With the experiment 4 (steam and single crochet) I also got a bouncy and tight curl with the texture of the yarn remaining soft, but this time I got a messier curl.

My favorite methods were the ones where I used the heat gun and steam.

Depending on the look we want to achieve we can chose between steam+needle or steam+single crochet.

What are your favorites?

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27 Comments

  1. Thank you for the great comparisons! How long after you applied the heat/steam did you unravel the yarn? Do you just wait until it cools, or does it have to set for a while?

  2. Hi Cindy!
    Thank you for your comments!
    I unraveled the yarn after it cooled down (when using the heat gun) or after it dried (when using the steam). Hope it helps! =)
    Ana

    • Hi Elly,

      I can’t guaranty that it will last forever, but I found the strands of yarn I used in this tutorial in my scraps and they are still curled! =D
      So they will last, at least 2 years! I think they will last more, specially the ones made with heat!

      If you have anymore questions don’t hesitate to ask!
      Ana

  3. This is really great, thank you for sharing. My daughter is decorating a pumpkin as Fancy Nancy for a school project and i thought we could use yarn for hair. If you are familiar with the books, Fancy Nancy has a head full of nappy red curls full of ribbons and bows. So we bought the acrylic yarn, it was cheap and it was the color my child wanted… I thought i could wrap it around a wooden rod and bake it like you do the quirky ribbon but it didnt work and burned some of the yarn. I think ill try the crochet iron method next. Thanks for showing all this!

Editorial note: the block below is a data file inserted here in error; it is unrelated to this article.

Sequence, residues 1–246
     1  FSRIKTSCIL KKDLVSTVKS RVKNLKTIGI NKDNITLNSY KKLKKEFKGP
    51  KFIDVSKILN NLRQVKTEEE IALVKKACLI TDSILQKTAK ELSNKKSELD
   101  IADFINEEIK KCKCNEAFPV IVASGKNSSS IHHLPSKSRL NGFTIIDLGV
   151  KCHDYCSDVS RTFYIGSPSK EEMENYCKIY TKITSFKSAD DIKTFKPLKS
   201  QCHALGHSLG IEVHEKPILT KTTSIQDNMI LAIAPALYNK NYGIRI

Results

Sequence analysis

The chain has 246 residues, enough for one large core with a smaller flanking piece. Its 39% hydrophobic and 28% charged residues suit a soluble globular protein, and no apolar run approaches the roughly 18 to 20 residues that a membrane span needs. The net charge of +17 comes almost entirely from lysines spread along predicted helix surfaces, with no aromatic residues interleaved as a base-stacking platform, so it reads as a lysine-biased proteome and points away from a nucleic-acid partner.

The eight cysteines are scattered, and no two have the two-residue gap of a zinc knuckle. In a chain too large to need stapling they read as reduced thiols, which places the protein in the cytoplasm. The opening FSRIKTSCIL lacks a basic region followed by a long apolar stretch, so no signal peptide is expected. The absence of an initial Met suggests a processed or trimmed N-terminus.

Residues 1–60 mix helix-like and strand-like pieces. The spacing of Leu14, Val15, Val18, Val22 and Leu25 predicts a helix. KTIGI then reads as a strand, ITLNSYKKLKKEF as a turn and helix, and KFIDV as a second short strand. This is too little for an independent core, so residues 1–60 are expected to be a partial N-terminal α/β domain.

• Hi Kimmi! You’re welcome! =D

      I didn’t know Fancy Nancy but I searched and she looks really fun! I would love to see your daughter’s pumpkin when it’s ready! =D

      If you have any questions don’t hesitate to ask!
      Ana =)

  4. My question is if the curl stays long term. If one were creating dolls to sell, for instance, would they have customers returning after a day or two complaining of curls going out?

    • Hi Heather,

      I still have some of the strands from this tutorial (5 years ago) and the ones where I used the heat gun and the iron are still curled! =D I think the heat melts the acrylic just enough to change its shape!

      Ana

  5. I love love love this article. So well done and detailed. I appreciate the effort you put into this project. You just saved me a ton of time and money. Thank you!!!!!!

  6. Heat in the oven on low for 20 mins. or untill dry. Let cool unroll. Holds good. They also use to have curling rods at Hobby Lobby. Use mine alot

  7. After reading article, I was excited to try. I used embroidery floss, and #6 knitting needle, and Niagara spray starch. No heat, just let dry (about one hour). Turned out great, and very curly. Making clothespin dolls with little girls and hoping the curls hold. Very cute tight curls. Thanks for your post.

    • Hi Teri! It didn’t take very long. Do it for a minute or so, let it cool down and unravel just a litte bit to see if the yarn is curled. If not repeat for a little more.
      If I remember correctly you could see the texture of the yarn change, it would become smother as the fluff of the yarn would melt, and I would stop there.
      Hope it helps!